The Japan Foundation
Performing Arts Network Japan
Contents
Artist Interview
The continuing expansion of the world of Saburo Teshigawara, an artist who has already left a big footprint in contemporary dance
Luminous (2001)
Photo: Dominik Mentzos
Luminous
Since 1995 you have been conducting your “Saburo Teshigawara Education Project (S.T.E.P.) in the UK. And you have been in educational activities that are recently gathering increasing attention in Japan.
    The London International Festival of Theatre (LIFT) has many educational programs, and that is where I first got involved these projects. The first one I did was with handicapped children, and the next one was a project for middle school and high school students in three London districts. For that project we painted the walls and floor of a small space in the Institute of Contemporary Arts (ICA) in very strong, bright colors to do performances titled Invisible Room.
    I wanted the young people to discover that they could achieve something by doing dance. And I wanted to try creating a work that was based on what they wanted to do. Dancing may not have been something that they needed to do, but once they got together and began practicing, that gradually changed. There were suicidal children, there were children who were getting into fist fights backstage. It was children in their most difficult stage of adolescence and there were children with bad home environments, which meant that we had to deal with their personal problems, and that made it even more interesting for me.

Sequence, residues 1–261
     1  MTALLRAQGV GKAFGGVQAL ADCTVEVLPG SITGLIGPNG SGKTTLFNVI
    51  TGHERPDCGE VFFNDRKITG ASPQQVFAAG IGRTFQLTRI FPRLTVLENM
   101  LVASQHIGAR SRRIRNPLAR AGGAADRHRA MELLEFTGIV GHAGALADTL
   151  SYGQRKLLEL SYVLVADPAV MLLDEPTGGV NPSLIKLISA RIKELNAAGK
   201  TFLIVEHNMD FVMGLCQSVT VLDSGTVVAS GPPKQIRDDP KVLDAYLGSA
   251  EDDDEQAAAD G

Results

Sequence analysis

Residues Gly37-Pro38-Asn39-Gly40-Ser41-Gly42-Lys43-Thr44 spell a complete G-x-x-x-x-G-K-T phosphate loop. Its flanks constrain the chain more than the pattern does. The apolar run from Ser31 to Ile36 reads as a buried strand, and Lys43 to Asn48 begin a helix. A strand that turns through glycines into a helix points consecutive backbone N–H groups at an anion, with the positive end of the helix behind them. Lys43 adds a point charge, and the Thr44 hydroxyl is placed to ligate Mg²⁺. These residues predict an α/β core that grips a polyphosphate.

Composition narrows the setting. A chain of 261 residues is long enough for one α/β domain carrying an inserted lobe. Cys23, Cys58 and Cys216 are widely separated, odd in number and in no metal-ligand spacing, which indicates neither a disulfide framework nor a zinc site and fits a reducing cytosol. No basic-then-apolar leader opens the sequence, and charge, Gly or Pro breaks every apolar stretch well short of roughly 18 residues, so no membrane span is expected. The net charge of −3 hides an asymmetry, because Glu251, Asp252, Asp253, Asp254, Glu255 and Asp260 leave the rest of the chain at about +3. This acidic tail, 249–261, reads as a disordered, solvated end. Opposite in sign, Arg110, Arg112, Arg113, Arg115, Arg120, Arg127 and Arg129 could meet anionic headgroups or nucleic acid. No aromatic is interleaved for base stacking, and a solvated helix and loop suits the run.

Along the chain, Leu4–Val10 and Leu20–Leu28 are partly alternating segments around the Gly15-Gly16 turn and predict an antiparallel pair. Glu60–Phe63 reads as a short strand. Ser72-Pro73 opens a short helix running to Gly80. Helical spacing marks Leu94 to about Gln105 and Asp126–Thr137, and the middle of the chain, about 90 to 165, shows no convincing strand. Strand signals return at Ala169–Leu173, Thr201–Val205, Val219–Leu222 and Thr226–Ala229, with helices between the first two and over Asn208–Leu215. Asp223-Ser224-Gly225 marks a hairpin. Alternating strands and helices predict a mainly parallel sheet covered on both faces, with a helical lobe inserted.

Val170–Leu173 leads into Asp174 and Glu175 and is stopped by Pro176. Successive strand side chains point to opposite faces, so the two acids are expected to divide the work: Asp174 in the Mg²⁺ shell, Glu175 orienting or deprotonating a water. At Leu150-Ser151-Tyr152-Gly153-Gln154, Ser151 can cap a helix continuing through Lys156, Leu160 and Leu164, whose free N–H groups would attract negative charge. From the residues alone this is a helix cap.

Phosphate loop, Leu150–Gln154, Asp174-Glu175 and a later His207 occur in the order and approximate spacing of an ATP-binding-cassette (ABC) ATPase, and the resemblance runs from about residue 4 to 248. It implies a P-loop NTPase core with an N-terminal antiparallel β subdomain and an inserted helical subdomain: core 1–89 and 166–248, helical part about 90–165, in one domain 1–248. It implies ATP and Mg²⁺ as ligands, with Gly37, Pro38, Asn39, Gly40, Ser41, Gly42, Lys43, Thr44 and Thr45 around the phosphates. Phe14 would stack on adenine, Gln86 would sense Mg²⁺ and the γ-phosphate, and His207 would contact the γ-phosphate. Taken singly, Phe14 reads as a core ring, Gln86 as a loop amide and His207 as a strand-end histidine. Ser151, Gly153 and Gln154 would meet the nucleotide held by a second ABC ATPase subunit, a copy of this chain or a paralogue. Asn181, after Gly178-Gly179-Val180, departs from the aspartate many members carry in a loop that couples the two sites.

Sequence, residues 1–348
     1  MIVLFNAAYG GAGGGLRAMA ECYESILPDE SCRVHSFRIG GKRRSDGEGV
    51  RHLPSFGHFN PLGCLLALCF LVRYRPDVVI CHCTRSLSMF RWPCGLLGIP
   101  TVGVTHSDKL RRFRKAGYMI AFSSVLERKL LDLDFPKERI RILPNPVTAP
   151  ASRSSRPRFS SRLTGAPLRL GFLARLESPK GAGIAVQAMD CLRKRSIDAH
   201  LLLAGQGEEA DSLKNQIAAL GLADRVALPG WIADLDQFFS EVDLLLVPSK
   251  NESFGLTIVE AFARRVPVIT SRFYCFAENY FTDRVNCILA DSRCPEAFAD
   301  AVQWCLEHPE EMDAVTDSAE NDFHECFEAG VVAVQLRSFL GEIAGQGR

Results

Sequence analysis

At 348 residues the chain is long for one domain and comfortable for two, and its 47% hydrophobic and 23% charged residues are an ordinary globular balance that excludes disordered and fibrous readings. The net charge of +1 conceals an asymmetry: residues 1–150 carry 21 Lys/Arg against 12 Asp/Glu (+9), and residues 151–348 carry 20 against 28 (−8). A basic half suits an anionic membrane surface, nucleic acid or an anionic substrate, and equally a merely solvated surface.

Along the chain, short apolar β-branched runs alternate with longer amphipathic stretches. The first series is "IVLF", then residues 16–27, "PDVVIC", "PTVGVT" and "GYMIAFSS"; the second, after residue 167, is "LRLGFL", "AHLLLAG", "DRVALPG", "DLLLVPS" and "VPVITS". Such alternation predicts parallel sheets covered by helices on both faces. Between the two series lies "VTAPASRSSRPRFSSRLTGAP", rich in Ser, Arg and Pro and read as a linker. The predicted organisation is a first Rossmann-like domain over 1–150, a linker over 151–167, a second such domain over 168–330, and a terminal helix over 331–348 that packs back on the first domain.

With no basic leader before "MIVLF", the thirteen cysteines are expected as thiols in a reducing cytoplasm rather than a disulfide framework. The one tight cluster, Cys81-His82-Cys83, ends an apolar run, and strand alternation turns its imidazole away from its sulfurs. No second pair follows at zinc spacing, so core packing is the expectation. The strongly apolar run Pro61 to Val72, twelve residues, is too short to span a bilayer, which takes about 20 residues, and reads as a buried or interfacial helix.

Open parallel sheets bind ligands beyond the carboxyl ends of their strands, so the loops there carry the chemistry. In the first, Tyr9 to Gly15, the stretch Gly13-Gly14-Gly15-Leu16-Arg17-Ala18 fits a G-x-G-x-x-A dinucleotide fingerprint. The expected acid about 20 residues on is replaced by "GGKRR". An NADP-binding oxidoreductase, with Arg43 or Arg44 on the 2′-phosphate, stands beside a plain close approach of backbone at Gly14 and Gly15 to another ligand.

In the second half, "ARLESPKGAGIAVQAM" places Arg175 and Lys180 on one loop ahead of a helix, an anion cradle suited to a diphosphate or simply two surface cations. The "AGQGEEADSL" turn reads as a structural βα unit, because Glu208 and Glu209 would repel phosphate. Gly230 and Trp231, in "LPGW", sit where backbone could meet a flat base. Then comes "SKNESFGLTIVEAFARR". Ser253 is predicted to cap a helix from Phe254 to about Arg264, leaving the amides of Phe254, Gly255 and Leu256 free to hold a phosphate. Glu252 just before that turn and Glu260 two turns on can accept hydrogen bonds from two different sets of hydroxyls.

After that project, the next one I did was with the visually handicapped. It was a project of London’s The Place and there were blind people participating in it. For that project we took a good amount of time doing an extended workshop. When I couldn’t be there, I gave them a video and instructions what to do. Through that workshop we created a work titled Flower Eyes. This happened to be an exchange project with Helsinki as well and dancers from Helsinki who wanted to participate were involved too.

That is where you met the young blind man Stewart Jackson who performed in your Luminous (2000) production, isn’t it?
    Yes it is. The woman who was his care-taker brought him to the program because she had the idea that he would benefit from the experience of dance. Even though they can’t see, it is very important for visually handicapped people to go and “see” things, which means go to feel things. And it is especially meaningful if they get involved in doing something with other people.
    Besides Stewart, there was a very weak-sighted teacher from a school for the visually handicapped. I did a workshop on the relationship between the different parts of the body and breathing. Since Stewart is a young man he responds to strong forms of expression like jumps and spins and to strong music. On the other hand, the female teacher’s movements were very smooth and beautiful. In the workshop their individuality became even more accentuated and I felt a great purity to it. Watching them I got the very strong feeling that we can take our potential to much higher levels and that we could use our inherent capabilities in even more lively and vital ways.